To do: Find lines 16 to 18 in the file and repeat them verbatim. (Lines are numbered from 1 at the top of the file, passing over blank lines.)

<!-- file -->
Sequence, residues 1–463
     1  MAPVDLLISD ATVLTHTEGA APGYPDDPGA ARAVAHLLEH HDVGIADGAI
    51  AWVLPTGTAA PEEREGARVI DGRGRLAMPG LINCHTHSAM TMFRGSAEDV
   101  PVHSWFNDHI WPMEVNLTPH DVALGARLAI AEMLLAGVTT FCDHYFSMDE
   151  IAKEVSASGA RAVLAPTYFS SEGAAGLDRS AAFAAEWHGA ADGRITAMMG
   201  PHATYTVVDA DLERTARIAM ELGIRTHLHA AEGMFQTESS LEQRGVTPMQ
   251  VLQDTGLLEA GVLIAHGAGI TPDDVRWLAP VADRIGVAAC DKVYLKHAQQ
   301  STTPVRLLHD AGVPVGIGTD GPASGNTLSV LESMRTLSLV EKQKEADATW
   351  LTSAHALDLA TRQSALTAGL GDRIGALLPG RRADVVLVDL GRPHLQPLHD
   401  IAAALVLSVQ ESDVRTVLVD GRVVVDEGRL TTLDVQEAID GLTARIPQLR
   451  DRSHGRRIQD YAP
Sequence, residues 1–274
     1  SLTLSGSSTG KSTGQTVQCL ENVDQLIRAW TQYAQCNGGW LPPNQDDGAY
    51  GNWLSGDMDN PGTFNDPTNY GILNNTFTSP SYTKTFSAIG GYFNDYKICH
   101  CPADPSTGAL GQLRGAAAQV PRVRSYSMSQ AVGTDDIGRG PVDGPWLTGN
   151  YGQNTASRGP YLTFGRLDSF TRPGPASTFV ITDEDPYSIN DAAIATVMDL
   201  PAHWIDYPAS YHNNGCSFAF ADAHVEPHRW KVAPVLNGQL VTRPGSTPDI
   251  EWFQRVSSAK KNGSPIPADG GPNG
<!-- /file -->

   151  YGQNTASRGP YLTFGRLDSF TRPGPASTFV ITDEDPYSIN DAAIATVMDL
   201  PAHWIDYPAS YHNNGCSFAF ADAHVEPHRW KVAPVLNGQL VTRPGSTPDI
   251  EWFQRVSSAK KNGSPIPADG GPNG